(CBS News) Is the purpose of make-up to completely make-over the woman applying it, or simply make her look her best? One businesswoman has made a fortune by highlighting the second approach, while also earning the admiration of our Nancy Giles:
Whether it's backstage at a fashion show or in front of a bathroom mirror, makeup is an essential part of many women's daily routine.
And few people have changed the face of a generation of women as much as Bobbi Brown.
Why are women so important in the beauty industry? "Who else is going to buy make-up?" she said. "Men aren't going to buy makeup.
"My aesthetic and my style of beauty is to look like yourself or better," Brown told Giles. "That style evolved very, very organically."
Brown is the creative force behind a cosmetics empire. She not only founded a company that's worth a reported $1 billion; she is also a bestselling author of beauty and lifestyle books, and has done makeup for everyone from Jill Biden to Brooke Shields to -- get this -- ALL of the Rolling Stones.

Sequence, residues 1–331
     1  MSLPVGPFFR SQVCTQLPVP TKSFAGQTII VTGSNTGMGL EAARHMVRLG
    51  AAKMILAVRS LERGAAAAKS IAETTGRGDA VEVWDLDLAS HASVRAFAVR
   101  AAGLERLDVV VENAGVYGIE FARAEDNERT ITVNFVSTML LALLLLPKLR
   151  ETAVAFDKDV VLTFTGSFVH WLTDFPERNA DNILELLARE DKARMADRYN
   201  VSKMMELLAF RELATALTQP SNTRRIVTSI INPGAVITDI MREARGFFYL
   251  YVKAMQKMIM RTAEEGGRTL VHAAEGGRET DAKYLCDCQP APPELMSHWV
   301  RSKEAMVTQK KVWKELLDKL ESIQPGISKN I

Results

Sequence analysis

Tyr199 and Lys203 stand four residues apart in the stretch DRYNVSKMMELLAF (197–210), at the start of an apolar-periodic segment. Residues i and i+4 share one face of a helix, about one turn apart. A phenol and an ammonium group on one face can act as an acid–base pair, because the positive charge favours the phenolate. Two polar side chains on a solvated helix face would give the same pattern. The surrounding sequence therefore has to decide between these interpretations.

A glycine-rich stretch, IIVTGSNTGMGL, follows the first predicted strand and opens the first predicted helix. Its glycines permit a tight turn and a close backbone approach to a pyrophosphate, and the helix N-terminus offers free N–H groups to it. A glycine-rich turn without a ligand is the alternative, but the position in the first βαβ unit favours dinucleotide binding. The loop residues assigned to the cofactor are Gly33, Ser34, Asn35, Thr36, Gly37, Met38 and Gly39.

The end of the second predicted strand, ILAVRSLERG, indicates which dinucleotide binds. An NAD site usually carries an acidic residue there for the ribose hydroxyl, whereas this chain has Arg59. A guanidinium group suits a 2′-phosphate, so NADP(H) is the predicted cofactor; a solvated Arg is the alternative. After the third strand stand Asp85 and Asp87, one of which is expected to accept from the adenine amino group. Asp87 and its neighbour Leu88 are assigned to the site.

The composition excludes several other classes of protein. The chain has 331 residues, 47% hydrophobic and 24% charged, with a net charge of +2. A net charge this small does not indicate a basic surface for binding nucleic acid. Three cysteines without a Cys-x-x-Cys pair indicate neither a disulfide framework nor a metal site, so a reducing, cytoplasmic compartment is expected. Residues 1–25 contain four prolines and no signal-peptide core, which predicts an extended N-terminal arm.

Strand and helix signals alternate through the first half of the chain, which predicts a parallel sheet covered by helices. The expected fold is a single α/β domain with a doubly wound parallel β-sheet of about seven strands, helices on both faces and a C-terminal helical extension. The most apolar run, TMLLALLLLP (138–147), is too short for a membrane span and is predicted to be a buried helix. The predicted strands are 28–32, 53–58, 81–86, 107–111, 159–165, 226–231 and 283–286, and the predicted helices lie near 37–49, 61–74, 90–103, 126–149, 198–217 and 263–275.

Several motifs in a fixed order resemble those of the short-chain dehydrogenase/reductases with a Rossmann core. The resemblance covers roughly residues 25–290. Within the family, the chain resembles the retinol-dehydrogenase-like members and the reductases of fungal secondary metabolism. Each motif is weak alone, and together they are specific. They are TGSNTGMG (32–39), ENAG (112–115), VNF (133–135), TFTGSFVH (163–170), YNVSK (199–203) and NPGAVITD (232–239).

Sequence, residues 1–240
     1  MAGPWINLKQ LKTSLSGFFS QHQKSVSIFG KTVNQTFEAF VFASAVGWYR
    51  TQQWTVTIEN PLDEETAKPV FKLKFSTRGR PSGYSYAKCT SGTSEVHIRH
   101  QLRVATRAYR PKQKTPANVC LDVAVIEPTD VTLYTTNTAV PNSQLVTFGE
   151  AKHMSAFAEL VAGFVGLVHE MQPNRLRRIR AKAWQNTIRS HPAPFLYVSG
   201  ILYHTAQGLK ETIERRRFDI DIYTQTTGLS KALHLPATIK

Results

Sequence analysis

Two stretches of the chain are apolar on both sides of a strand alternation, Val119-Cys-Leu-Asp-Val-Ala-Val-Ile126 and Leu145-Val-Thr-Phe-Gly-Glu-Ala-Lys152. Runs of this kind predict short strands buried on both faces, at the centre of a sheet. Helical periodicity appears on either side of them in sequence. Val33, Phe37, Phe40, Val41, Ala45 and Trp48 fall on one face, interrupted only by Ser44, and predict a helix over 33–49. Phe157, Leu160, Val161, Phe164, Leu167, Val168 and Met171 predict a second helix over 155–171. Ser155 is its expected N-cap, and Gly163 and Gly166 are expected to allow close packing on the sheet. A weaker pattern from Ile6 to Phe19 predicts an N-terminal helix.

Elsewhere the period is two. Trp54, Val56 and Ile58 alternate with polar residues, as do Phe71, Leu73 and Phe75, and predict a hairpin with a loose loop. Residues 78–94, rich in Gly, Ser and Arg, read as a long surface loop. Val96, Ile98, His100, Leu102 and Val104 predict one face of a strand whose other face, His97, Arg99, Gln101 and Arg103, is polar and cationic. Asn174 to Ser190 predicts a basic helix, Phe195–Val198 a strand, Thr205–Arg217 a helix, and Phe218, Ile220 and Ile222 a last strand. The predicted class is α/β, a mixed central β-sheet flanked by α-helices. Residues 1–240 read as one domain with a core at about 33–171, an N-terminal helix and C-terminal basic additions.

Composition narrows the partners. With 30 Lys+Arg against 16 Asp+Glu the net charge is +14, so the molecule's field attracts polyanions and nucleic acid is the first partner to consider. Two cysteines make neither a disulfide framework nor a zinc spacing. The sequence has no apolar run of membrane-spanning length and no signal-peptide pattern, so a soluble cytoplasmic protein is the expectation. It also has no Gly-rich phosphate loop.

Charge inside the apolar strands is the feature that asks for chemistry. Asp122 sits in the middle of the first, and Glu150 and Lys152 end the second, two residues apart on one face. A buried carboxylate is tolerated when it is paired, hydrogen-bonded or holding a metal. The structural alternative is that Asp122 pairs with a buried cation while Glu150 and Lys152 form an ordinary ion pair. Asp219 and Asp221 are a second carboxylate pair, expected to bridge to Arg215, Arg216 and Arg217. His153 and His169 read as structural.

And I've seen her at work -- on ME. I've been intrigued by Bobbi Brown Cosmetics since Bobbi herself gave me a makeover on live TV some years ago.
Even then, her approach was revolutionary: makeup that looked natural and was simple to use, for ALL shades of women.
Those same ideas have continued to be an important part of Bobbi Brown's philosophy.
"We all want to look good; we want to look pretty," Brown told Giles. "And there are some days we do and some days we don't. So when I do someone's makeup, it's important to find not only colors that work for them, and textures, but makeup that works for their style."
It's a formula Brown has been working on for quite a long time.
"I remember being a very young girl, watching my mom put her makeup on to go out, you know, to the grocery store probably, and then do her make-up on Saturday night," Brown said. "My mother was very glamorous -- she still is! I used to sit there and watch her and be in amazement."
As a child, she began experimenting with her mother's makeup stash, on whoever (or whatever) was available.
"I made up my dolls, I made up my dog, I think I made up my young siblings, anyone that I could," Brown said.
What did she put on her dog? "I put a little blush on. No mascara. Probably a little bit of eyebrows up here."